The Earth Systems Program at the Federation of American Scientists (FAS) was developed to seek solutions to environment and resource security challenges by developing and promoting sustainable, scientifically sound, and transparent policies, practices, and technological developments.
To meet this goal the Earth Systems Program works in the following areas:
- Transparency. Improve dialogue and deliberation over and understanding of key environmental issues and challenges by transparency in environmental research, policy decisions, and building trust and communication between scientists, policy makers, and the public.
- Technology. Create tools to aid researchers, scientists, and policymakers in analyzing and visualizing complex issues and systems.
- Inquiry. Better scientific and public understanding of key socio-environmental and earth systems issues through undertaking and supporting systemic, multidisciplinary research that utilizes principles of scientific inquiry.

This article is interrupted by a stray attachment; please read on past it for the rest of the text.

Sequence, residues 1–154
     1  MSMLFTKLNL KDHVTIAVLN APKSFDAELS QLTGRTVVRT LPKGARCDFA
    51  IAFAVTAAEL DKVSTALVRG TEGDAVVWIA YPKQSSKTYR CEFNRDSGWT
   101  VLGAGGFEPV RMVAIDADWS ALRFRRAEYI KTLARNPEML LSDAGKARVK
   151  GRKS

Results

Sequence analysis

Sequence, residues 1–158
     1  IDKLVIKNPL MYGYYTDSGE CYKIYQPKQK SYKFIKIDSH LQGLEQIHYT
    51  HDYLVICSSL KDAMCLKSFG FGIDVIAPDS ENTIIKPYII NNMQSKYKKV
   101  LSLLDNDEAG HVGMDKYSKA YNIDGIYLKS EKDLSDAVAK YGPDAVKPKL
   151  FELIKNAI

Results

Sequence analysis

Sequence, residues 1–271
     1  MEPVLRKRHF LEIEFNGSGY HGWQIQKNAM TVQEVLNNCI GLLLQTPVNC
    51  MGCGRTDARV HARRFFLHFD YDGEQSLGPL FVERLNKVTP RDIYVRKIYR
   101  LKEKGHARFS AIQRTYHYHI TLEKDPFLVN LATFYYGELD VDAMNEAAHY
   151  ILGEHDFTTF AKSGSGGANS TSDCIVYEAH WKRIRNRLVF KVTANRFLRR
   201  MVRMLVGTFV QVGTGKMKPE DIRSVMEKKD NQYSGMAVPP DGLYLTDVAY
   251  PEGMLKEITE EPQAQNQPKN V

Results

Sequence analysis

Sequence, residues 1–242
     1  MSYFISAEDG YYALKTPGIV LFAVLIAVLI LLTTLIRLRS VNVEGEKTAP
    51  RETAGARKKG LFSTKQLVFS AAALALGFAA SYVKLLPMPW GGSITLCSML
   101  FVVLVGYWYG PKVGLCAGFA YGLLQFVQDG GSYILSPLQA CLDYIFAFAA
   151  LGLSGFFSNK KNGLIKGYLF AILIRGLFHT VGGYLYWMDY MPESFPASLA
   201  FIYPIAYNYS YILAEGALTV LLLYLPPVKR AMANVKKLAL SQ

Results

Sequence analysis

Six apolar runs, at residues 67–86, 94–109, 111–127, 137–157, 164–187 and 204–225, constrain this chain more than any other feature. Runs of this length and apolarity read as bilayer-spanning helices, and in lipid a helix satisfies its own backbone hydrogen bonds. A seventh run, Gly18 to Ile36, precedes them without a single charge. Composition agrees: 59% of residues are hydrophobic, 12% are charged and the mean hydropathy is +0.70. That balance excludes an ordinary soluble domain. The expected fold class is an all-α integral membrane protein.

- Policy. Promote policy to further national and international environmental and energy sustainability and security and advocate for political processes that engage key stakeholders and scientists in deliberations.
- Partnership. Develop long term, multidisciplinary collaborations and partnerships between U.S. and foreign scientists and engineers to solve key environmental and technical issues.
|The men behind a decade and a half of U.S. strategic nuclear planning say the New START treaty will enhance American national security.
By Hans M. Kristensen
Seven former commanders of U.S. nuclear strategic planning have endorsed the New START treaty and recommended early ratification by the U.S. Senate.